This will be a little like explaining a poem. I don't like to do it. But since D. H. used the word "race" your ears are stopped and your mind frozen, so I suppose I must.

Have you never read Fenimore Cooper? How about D. H. Lawrence's "Studies in Classic American Literature"? If you had read one or the other you would know what D.H. meant. In fact if you had read Jean Jacques Rousseau you would know what he meant. He meant that Cooper had idealized "the red man." He made the Indian into a myth. He helped make him into "the noble savage." Hector St. John de Crevecoeur did that before him, and Rousseau before him. You might hear in this that the Indian was being mistreated, but you are not hearing that from Rousseau, Crevecoeur, or Cooper, for those three idealized the Indian -- something a far cry from mistreating him.

D. H. Lawrence had no patience with that sort of thing. He wanted realism, not idealism. There was a difference between the "red man" and the "white man." Forget the Leftist clich├ęs. There was a difference! Maybe you feel better saying they were "equal" but they weren't equal. Why say they were equal when they weren't? If you say they are when they aren't then you destroy any chance the Red Man has of improving his lot. How can it be improved when he is already equal?

Now in regard to the inroads Islamists have made into the West and saying that we should restrict our traditions in order to be able to restrict these inroads, this is the very sort of American-thing that D.H. ridiculed. "You dumb Americans; you need to realize that you were not created equal. Some of you are smart, some are not. Some are tall and some are not. Wake up? That is one thing D.H. was saying. He valued European "freedom" over American "equality."

He also believed that we had no sense of ourselves. We didn't believe in our identity the way Europeans believed in theirs. Of course if he were alive today he'd have to revise his opinion of the Europeans. They are now as bad as the Americans. The fact that some of us are willing to deny the building of churches (part of our American tradition) in order to deny Islamists (who have sworn to destroy our tradition) the right to build mosques is just the sort of absurdity that D. H. Lawrence delighted in ranting about.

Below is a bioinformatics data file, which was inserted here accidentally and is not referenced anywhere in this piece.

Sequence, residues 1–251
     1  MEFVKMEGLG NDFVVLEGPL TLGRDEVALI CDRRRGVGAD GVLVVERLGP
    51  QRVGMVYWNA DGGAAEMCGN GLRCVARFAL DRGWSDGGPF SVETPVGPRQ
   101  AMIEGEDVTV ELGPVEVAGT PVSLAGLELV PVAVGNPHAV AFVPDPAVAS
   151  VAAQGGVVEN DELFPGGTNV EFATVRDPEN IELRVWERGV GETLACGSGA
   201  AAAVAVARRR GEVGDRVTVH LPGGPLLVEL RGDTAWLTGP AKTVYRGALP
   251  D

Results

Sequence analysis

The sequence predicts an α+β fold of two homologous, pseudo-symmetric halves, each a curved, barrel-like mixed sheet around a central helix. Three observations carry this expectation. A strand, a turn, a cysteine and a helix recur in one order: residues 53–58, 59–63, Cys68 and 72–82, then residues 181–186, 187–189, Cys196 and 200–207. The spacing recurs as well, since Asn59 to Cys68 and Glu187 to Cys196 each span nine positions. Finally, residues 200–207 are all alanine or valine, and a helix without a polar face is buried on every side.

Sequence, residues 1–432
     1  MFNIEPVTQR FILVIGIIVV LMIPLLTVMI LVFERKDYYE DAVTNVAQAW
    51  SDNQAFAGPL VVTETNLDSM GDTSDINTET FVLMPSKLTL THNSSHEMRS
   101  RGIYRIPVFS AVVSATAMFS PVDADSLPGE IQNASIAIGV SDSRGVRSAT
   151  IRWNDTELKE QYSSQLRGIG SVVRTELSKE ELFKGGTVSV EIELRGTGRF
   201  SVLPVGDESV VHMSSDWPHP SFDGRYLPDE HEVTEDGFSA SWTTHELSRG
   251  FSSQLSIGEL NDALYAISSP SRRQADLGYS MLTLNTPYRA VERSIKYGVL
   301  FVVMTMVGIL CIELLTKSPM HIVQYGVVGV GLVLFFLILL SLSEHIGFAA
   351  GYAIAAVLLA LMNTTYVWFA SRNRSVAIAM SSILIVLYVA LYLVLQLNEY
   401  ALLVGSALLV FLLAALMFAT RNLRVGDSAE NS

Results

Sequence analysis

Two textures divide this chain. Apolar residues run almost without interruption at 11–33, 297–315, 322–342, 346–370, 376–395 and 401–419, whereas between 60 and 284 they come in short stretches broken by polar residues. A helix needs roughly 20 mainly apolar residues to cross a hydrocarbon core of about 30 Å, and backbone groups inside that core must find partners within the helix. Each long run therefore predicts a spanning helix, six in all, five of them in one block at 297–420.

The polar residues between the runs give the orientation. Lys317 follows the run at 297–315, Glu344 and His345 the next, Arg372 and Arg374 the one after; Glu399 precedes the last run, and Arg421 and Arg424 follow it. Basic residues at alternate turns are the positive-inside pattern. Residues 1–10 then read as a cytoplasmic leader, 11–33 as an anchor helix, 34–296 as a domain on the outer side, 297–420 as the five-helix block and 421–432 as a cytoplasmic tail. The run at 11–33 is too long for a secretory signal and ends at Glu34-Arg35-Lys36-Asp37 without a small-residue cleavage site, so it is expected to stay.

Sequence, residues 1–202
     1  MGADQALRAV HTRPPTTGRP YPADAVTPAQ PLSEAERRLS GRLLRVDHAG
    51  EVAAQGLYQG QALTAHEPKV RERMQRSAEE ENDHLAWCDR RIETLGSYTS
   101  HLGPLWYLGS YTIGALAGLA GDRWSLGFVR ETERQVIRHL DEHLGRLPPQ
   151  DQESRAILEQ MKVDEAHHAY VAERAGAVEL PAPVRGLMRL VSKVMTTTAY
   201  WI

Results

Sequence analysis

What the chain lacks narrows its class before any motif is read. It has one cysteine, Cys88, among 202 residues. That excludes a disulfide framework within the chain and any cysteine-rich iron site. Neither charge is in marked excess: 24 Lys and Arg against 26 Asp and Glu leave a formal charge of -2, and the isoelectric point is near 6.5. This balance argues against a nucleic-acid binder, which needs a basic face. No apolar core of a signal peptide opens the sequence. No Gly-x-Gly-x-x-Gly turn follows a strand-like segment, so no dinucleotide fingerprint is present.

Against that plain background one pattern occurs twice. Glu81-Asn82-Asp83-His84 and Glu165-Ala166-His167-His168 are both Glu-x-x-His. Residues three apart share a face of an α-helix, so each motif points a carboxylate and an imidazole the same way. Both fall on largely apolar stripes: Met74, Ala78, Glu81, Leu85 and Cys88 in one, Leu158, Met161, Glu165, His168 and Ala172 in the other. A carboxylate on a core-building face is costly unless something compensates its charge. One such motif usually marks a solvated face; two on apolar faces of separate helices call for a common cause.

1 comment:

Anonymous said...

Robert again.

'He also believed that we had no sense of ourselves. We didn't believe in our identity the way Europeans believed in theirs. Of course if he were alive today he'd have to revise his opinion of the Europeans. They are now as bad as the Americans. The fact that some of us are willing to deny the building of churches (part of our American tradition) in order to deny Islamists (who have sworn to destroy our tradition) the right to build mosques is just the sort of absurdity that D. H. Lawrence delighted in ranting about.'

Same concerns + 1.

What is 'part of our American tradition'? The building of churches? It's no more part of our American tradition than building baseball fields or trailer parks. What you seem to mean, but won't say, is that Protestants, Catholics, Jews, Mormons, Arkansas snake handlers, and so on, have a constitutional right to worship as they please and a civil right to build, zoning laws permitting, places of worship—but Moslems don't. That's it. Say what you mean and don't wrap yourself in the shallow and bigoted thought of a man who died in 1930.

You keep repeating that those behind the building of this 'mosque' are Islamists. This seems false, but perhaps you have some private knowledge which you prefer not to share. Your notion that Mayor Bloomberg, who favors allowing this project to go through, is thereby furthering the cause of those behind the 9/11 attacks strikes me as sheer fantasy.

The +1. You accuse Mike of raising frivolous and irrelevant points, the stuff one might expect from a wild-eyed Islam-loving-leftist-liberal, things that need no reply. This strikes me as sheer evasion on your part. Mike has asked what Lawrence meant by some of his remarks. I'd like to know the same thing, for what he says is by no means transparent or obviously relevant to the topic at hand.

Robert (posing as anon)